Posts Tagged ‘reptile’

One evening this past week I was photographing lotus flowers at a local pond in a quasi-meditative state, enjoying the calm after a thunderstorm had passed.

The life cycle of the lotus, from bud to flower to seed pod

Suddenly a woman screamed out in my direction, “Snake, there’s a snake right behind you.” My first reaction was one of disbelief, because I was standing on a flat rock partially surrounded by water that was flowing rapidly between two man-made ponds. All at once I saw the submerged snake swimming strongly against the current. Then to my surprise the snake lifted his head out of the water.

My next reaction was to spring into action to take his picture. My camera was already on my tripod and I swung it around and snapped a couple of shots without having time to adjust my exposure or shutter speed. The image below is far from perfect but it gives you an idea of the cascading water and the snake poking his head above the surface.

Swimming snake lifts its head above water

After that brief photographic opportunity I returned to my peaceful pursuit of the lotus flower.

Sidewards-facing lotus (a variation of the lotus position)

It was only much later that I wondered whether I had encountered a poisonous snake. An article entitled “Snake Mistake” by Christine Ennulat in Virginia Living helps readers distinguish between the harmless brown water snake (Nerodia taxispilata) and the venomous water moccasin (Agkistrodon piscivorus). I am pretty confident the snake I saw was “only” a brown water snake.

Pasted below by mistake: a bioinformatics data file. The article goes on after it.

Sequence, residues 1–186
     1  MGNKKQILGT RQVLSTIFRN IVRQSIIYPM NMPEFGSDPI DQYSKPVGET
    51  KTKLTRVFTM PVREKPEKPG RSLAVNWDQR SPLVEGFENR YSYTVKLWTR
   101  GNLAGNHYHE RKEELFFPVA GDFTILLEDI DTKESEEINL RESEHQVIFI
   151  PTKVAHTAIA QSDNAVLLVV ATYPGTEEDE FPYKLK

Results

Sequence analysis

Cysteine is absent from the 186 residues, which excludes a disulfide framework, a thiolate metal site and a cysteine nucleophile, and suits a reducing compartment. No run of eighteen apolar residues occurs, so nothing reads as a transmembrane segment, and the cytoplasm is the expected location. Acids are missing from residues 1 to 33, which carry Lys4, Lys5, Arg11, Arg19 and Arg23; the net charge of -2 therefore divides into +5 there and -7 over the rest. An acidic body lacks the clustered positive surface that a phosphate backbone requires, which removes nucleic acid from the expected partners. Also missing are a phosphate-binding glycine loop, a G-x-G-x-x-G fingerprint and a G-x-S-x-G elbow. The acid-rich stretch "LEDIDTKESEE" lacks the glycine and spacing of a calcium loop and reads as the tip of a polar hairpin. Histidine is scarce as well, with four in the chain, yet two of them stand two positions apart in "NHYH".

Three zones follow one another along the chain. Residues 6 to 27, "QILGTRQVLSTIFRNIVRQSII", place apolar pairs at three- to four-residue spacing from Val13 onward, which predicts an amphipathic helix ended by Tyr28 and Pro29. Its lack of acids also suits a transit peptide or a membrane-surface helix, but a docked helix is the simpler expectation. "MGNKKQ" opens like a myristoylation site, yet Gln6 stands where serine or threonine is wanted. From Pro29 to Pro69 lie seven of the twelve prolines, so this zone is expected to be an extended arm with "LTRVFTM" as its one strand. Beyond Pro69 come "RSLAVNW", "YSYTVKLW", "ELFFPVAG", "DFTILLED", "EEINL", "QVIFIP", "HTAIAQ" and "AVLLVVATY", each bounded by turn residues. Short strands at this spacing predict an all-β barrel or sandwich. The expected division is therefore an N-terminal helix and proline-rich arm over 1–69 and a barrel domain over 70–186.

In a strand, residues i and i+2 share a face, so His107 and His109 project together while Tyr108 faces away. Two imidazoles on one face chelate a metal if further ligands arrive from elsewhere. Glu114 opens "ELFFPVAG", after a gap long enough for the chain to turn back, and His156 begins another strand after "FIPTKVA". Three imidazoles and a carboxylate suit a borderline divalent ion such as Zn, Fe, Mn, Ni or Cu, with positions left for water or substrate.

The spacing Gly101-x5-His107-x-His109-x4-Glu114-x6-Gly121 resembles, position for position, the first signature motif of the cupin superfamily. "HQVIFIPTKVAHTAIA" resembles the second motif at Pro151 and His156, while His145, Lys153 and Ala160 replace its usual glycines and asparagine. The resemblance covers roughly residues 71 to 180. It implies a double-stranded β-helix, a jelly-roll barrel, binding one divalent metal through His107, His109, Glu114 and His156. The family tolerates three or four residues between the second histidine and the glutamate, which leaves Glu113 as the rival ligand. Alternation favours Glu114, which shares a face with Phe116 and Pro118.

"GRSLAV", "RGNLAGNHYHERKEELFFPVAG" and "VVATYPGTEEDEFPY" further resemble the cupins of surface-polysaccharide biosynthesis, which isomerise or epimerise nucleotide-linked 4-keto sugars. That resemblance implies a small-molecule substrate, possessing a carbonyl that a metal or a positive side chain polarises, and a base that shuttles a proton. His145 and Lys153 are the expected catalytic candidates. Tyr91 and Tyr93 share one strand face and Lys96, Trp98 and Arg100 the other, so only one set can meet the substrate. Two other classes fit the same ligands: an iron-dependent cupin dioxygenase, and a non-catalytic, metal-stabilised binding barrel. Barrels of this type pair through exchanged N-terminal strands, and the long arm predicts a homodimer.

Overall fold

Maybe I will react more quickly the next time someone tells me there is a snake right behind me. I might even get a better photograph!

© Michael Q. Powell. All rights reserved.

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After some thunderstorms yesterday evening I went a local garden with a pond (Green Spring Gardens) and encountered this very large snapping turtle (at least that is what I think he is). He was just lying there on the grass.

I started creeping up on him with one eye in the viewfinder and the other on him. I was pretty cautious because previously I had read what Wikipedia says about snapping turtles, “Common snappers are noted for their belligerent disposition when out of the water, their powerful beak-like jaws, and their highly mobile head and neck.” There were a few blades of grass in front of part of his face and I would have liked to remove them to improve the shot, but there was no way I was going to risk my fingers for a mere photo.

I decided to share this medium range shot because it shows the mud and dried grass that made up his “camouflage.” It reminds me a little of the ghillie suits that snipers wear to blend in with nature. Eventually I hope to do another blog posting showing the progression of my shots as I got closer and closer to him, ending up with shots in which his face alone fills the frame.

Stay tuned for coming attractions!

© Michael Q. Powell. All rights reserved.

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